Where the Heart Is: Edmonton is being known

I met my friend Alex when I was 13 years old.

I was a shy kid, with glasses and braces and an untamable cowlick. Before meeting Alex I’d had friends, but he was the first one who made me feel truly known. Alex was someone that I admired before I ever came to befriend him. He had a way of putting people at ease, of winning people over simply by being a genuinely kind guy.

One day in grade eight he invited me and a couple other kids over for a movie night at his house. We talked and played Broforce and paid precious little attention to the actual movie, and a couple of weeks later, he invited the same group over to do it all again. Those few guys – Alex, Christian, Finn and later Herbert – became some of the most important people in my life. They still are.

So it was hard to leave them after high school.

A few months after graduating from high school, I left home to work in Jasper, an Albertan mountain town. The month I spent there was the most memory-dense I’ve ever had. I was living away from home for the first time, and in those thirty days, I crammed in elation, heartbreak, bear encounters, my first ‘adult’ job and a deep sense of isolation. Every day swung wildly between ecstasy and despondency as I tried to navigate my new world.

When I visit Jasper now, there’s a sense of loss. I recognize the town but don’t really know it. Not a single person I know still lives in Jasper, and it’s been more than four years since I’ve talked to anyone I met there. No one is around to share those memories in the visceral way that only someone who lived them with you can. There is a certain beauty in this, but a joy that only you remember leaves a bittersweet taste. It’s the ghost of a relationship lost, a smile from a friend who’s become a stranger.

Home to me is being known.

With my friends at home, there’s nothing to explain. I can talk about what my 13-year-old self was like, or tell you about myself at 18 when I went to Jasper, but Alex just knows. When I think of Mark at 13, I see insecurity and awkwardness. When I think of Mark at 18, I remember how lonely I felt, and I regret the people I hurt and the time I spent feeling sorry for myself. Alex, though, remembers me better than I can. He has a lot of kind things to say about the prior iterations of Mark. He was friends with them, after all.

Whenever I go home, I visit a certain bench overlooking the river valley. It’s one of my favourite spots in Edmonton. The city, and the memories it contains, spread out in a panorama.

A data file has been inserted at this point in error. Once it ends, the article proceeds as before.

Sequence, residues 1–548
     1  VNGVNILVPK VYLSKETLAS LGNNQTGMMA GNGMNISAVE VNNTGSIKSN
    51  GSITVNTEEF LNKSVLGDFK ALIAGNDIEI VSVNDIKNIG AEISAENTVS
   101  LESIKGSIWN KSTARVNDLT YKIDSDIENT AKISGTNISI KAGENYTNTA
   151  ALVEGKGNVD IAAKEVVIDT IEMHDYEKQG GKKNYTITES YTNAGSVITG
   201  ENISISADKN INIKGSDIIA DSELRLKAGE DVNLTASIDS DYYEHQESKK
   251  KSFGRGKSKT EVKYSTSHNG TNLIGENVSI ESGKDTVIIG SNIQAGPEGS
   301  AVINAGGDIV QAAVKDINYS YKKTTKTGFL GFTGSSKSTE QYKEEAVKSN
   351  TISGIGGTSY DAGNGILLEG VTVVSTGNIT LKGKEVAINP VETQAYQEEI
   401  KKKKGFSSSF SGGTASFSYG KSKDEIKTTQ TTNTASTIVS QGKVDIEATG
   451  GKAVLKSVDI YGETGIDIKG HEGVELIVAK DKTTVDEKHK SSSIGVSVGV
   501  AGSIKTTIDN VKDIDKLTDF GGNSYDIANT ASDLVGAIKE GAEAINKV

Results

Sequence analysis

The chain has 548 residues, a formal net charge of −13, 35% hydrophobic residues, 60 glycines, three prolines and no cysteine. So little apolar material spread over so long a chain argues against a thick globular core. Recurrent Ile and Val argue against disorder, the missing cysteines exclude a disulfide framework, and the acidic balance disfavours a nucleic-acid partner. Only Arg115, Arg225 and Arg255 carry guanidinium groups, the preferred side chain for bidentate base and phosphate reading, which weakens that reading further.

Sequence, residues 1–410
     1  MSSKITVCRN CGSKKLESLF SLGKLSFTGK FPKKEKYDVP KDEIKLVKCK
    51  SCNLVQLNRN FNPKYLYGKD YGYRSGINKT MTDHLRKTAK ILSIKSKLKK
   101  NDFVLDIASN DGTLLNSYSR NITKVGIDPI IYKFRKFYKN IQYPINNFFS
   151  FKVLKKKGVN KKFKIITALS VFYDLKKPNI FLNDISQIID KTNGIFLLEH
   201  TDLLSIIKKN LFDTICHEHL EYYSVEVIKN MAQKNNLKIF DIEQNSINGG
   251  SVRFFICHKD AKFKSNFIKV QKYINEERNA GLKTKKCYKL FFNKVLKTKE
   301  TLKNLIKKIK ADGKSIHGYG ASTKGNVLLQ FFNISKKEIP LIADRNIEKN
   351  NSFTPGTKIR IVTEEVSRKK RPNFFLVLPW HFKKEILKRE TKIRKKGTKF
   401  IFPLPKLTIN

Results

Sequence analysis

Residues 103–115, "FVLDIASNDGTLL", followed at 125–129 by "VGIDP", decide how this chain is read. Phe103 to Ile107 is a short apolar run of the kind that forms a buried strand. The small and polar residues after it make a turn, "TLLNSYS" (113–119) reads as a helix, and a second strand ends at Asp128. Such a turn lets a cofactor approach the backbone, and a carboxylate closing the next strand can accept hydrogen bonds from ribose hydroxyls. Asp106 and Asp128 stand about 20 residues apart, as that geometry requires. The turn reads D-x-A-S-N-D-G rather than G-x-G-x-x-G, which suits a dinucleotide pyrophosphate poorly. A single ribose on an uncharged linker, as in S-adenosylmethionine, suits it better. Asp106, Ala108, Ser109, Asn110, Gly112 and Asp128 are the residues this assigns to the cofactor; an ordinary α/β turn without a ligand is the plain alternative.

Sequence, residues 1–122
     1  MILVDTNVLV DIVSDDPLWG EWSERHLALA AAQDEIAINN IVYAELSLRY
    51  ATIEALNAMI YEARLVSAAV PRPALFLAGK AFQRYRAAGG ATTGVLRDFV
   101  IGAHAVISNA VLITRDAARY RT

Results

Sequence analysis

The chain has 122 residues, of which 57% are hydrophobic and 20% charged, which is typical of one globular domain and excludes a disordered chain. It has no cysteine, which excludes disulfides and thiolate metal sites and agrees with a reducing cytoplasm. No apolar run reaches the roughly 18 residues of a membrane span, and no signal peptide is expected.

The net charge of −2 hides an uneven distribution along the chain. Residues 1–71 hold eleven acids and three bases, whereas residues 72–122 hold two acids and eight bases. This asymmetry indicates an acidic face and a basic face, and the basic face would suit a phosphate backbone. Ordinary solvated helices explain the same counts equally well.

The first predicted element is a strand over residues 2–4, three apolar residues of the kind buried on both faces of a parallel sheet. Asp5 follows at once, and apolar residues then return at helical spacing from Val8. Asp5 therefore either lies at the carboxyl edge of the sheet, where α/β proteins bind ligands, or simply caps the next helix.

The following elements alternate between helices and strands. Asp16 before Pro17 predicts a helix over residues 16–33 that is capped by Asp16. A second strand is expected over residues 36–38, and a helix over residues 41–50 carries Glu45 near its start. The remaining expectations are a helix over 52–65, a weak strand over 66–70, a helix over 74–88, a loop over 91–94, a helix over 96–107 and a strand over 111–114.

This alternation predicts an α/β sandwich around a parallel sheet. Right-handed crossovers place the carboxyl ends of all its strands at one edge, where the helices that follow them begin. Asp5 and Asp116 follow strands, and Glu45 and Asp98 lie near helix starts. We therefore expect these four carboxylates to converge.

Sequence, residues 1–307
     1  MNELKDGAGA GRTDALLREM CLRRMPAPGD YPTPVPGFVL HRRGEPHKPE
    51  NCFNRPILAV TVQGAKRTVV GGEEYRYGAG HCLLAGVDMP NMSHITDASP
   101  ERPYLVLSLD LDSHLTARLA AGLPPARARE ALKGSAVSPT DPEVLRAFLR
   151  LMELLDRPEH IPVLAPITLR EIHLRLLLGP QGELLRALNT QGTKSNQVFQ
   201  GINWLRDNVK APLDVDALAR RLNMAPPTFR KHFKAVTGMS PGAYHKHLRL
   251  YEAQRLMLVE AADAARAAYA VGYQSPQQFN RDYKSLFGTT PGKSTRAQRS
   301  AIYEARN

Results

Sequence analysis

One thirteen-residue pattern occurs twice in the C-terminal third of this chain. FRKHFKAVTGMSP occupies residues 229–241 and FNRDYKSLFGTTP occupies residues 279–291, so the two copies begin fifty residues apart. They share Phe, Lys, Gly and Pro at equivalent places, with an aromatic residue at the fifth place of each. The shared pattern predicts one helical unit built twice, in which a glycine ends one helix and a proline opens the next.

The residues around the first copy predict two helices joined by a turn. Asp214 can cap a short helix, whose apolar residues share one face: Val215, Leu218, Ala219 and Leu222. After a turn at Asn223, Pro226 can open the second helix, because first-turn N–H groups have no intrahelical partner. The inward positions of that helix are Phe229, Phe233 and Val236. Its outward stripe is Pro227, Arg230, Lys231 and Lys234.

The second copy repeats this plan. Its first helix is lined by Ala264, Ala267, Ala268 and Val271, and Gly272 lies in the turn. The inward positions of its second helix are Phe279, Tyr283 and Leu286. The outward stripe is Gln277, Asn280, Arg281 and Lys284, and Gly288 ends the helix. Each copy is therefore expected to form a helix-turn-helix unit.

To the left, nestled amongst the skyscrapers downtown, is the Alberta Legislature, where I had my first job. Immediately below is the river valley itself. The North Saskatchewan River bisects the city, brown and languid in the summer and a jagged sheet of ice during the winter. To the right is the University of Alberta, which so nearly had me, and Hawrelak Park, where I first gained the courage to put my shaking hand in another’s.

My whole life, it seems to me, is contained in that image.

It doesn’t matter if I visit the bench alone. I can feel my friends beside me, who have joined me there so many times. I know without having to look that an A + M is scratched into the wood, a quiet nod to our friendship made years ago. I can remember being there with my sister, as she told me about her writing and I told her about the high school crush I couldn’t stop pining after. I can remember countless runs past the bench with my dad, our conversations warmly predictable, our strides in lockstep. I remember, maybe most importantly, myself; the hopes and dreams and anxieties that I have brought to that spot year after year, the city always in front of me, its lights sparkling upon the water.

When I am home, I feel understood. Edmonton, and the people within it, is not just where I come from – it’s a part of the very fabric of my being. Being away from home now, just as during those few weeks in Jasper, l feel scared. I don’t know quite who I am, or where I belong or what it means to yearn for a place you no longer live in. I often look at myself and still see the scared boy, insecure and adrift with the same untamable cowlick. When I return to Edmonton, though, everything feels a bit better. The city, and my friends and family within it, know me.

Sometimes, when I am kind with myself, I believe they know me better than I do.